This month, ART123 Gallery is proud to present “Rangoli: Traditional Folk Art of India – The Art of Colors and Patterns” by local artist Padma Komaravolu. This is a totally new adventure for the Gallery–we’ve never done this type of show before. The Rangoli art created for the show isn’t meant to last (see it while you can!) and it’s displayed on the floor instead of the walls. Not to mention that many of us at gallupARTS had not heard of Rangoli before meeting Padma. We’re guessing that Rangoli is new to you as well, so we asked Padma to answer a few questions and tell us a little bit about it.

1. What is Rangoli? 

Rangoli is the Traditional artform of India. It is a type of folk art that is passed down from one generation to another.

The word Rangoli is derived from the Sanskrit (language) word “Rangavalli” which means “row of colors.” Every state in India has their own style of Rangoli. Designs vary as they reflect traditions, folklore and practices that are unique to each area. It is known by different names in each state of India; for example, it’s called Muggu and Kolam in south India whereas it is known as Alpana, Mandana, Jhoti or Chita, etc. in other parts of the country.

Rangoli is drawn freehand outside, at the threshold of a house. Apart from the visual and aesthetic

Padma made Rangoli designs in Gallup’s downtown Walkway for ArtsCrawl in August 2017.

appeal there is a religious significance for this ancient Hindu floor art. This is symbol of auspiciousness. It’s a sacred art. It is a medium to welcome positive energy into the house as well as to welcome guests. This art creates a colorful, devotional presence and is a quiet ritual full of grace to make a home a sacred space.

This art is drawn on the floor in many ways including using only white powder, or white with yellow and red colors, or with any number of colors. In south India, rice flour is used to draw this art. The reason for using rice flour is that it feeds ants and other small insects and birds. These drawings on the floor are done every morning and washed away before drawing a new design the next day. There are certain rules when a drawing is done at a place of worship.

In south India, from mid-December to mid-January young girls draw this art daily before sunrise.

There are many aspects involved in this beautiful art including but not limited to preparation of surface, different materials used, variety of patterns, colors, designs, skill, spiritual significance, aesthetic appeal, creativity, passing on tradition, mathematical concepts, positivity, auspiciousness, happiness, communal harmony, divinity, calmness to mind, physical exercise, etc.

Over the years modern variations have added some flair to this beautiful traditional art­. Rangoli is thus rooted in its tradition yet thrives in this present era in a modern form.

2. How did you learn Rangoli?

Padma demonstrating freehand Rangoli with rice powder.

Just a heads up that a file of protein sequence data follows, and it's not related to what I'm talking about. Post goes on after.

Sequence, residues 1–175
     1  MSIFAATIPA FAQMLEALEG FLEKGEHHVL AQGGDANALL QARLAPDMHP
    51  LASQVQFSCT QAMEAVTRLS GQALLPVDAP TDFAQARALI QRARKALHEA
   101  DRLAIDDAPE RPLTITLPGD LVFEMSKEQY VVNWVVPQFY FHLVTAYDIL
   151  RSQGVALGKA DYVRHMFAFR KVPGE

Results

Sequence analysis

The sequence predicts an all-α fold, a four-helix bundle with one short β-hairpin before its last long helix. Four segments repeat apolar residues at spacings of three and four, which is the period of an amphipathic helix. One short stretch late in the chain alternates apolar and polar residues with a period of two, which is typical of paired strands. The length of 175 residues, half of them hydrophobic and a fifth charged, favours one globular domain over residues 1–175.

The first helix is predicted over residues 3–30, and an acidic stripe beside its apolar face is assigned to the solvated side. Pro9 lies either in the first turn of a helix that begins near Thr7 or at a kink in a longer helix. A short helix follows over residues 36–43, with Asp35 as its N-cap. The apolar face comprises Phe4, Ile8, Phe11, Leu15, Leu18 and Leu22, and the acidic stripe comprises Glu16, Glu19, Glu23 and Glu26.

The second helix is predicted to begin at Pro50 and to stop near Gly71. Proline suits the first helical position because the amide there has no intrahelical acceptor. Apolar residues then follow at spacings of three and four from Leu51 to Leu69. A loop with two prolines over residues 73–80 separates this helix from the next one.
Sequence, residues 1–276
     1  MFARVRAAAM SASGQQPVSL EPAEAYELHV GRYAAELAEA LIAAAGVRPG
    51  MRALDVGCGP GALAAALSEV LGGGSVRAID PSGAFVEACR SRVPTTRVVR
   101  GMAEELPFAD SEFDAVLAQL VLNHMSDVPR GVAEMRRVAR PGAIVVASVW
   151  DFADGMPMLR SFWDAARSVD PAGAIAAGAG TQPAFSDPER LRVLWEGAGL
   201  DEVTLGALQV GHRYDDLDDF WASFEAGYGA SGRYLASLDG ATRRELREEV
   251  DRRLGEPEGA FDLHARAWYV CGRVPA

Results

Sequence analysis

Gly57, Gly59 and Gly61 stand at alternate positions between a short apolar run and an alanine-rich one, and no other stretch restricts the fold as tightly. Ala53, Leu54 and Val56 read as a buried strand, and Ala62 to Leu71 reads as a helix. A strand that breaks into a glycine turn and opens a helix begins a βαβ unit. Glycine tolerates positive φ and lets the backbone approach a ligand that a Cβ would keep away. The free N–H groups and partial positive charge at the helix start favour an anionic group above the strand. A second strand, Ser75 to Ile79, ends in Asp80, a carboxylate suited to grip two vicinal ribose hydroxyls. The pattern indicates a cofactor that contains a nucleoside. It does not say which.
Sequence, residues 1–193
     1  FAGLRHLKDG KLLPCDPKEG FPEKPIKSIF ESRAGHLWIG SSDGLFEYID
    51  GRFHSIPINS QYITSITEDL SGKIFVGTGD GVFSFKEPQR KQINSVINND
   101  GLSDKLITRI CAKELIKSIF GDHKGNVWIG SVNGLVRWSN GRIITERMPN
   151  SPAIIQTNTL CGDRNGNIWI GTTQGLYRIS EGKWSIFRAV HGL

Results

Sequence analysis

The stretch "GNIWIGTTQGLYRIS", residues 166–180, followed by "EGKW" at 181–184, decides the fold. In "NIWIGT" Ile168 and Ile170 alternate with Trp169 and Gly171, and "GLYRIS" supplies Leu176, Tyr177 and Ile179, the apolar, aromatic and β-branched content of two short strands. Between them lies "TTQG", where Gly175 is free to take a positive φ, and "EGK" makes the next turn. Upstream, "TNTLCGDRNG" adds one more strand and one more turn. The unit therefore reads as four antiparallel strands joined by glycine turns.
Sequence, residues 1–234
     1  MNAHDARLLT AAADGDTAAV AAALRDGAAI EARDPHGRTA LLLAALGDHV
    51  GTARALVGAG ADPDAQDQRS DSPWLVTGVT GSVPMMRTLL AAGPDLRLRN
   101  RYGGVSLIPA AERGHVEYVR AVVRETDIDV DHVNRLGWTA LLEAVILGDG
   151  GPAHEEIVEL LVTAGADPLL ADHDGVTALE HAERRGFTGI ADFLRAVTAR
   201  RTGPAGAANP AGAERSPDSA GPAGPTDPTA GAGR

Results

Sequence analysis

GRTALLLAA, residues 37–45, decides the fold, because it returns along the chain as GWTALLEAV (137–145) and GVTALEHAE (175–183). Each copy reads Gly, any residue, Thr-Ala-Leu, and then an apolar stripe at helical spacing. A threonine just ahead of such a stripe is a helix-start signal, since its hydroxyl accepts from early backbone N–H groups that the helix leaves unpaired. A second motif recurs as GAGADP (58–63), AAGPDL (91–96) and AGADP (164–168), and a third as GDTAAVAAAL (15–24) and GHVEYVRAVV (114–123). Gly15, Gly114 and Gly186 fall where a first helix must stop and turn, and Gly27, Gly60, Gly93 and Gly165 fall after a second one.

I learned this beautiful art of Rangoli through observation and practice. I observed my mom doing this art every morning, outside the house before sunrise during my school and college days. She would also do it inside the house during religious festivals and auspicious days of the week, like Friday.

Those were traditional designs with line and curved patterns using white and two other colors, such as turmeric and vermilion. The designs were small to medium size drawings drawn on the floor. The neighbors drew Rangoli with different patterns and colors.

During festivals and the turn of the year, younger people in the community came together and drew large Rangolis with many different patterns and colors. Later, I started drawing small Rangoli designs daily and larger ones for festivals and the new year.

Every year from mid-December to mid- January, many Rangoli patterns were published in magazines as it’s a special month for rangolis in south India. Those helped me learn a few designs. These days I learn from a lot of Rangolis I see online.

3. What ideas or techniques have you been exploring in your art recently?

Rangoli is a vast art with many patterns and I have an idea of transferring these designs to different surfaces like paper, canvas, etc using different medium. I also started showing my hand drawn and painted common Rangoli designs by printing them on bookmarks, greeting cards and picture frames.

One of my most interesting techniques to draw Rangoli designs is that I have been exploring with using common household items as tools.Recently, I had the idea of using hardboard with holes drilled in it for the dotted grid pattern for Rangol

4. What inspires you as an Artist?

Due to being in Gallup since almost eight years, I see art everywhere. When I see the talent of local artists in Gallup and the surrounding areas, be it students or professional artists, all of the wonderful Native artists, I get inspired by their passion, dedication, work and creativity.

I love art and creativity and have been to numerous art museums, galleries, exhibitions, arts crawls in all the places I’ve visited. When I see how talented the artists are, I am filled with admiration and inspiration.

Gallup offers so much support and encouragement to the artists in town and that is highly motivational.

When it comes to Rangoli, I am constantly amazed and inspired looking at all the people in the world creating new and improved designs while still keeping the sacred art alive

5. What do you find most challenging about being an Artist? What do you find most rewarding?

To me, the most challenging aspect of being an artist is accepting the criticism and taking it in a positive way. It is most rewarding when people really appreciate my effort.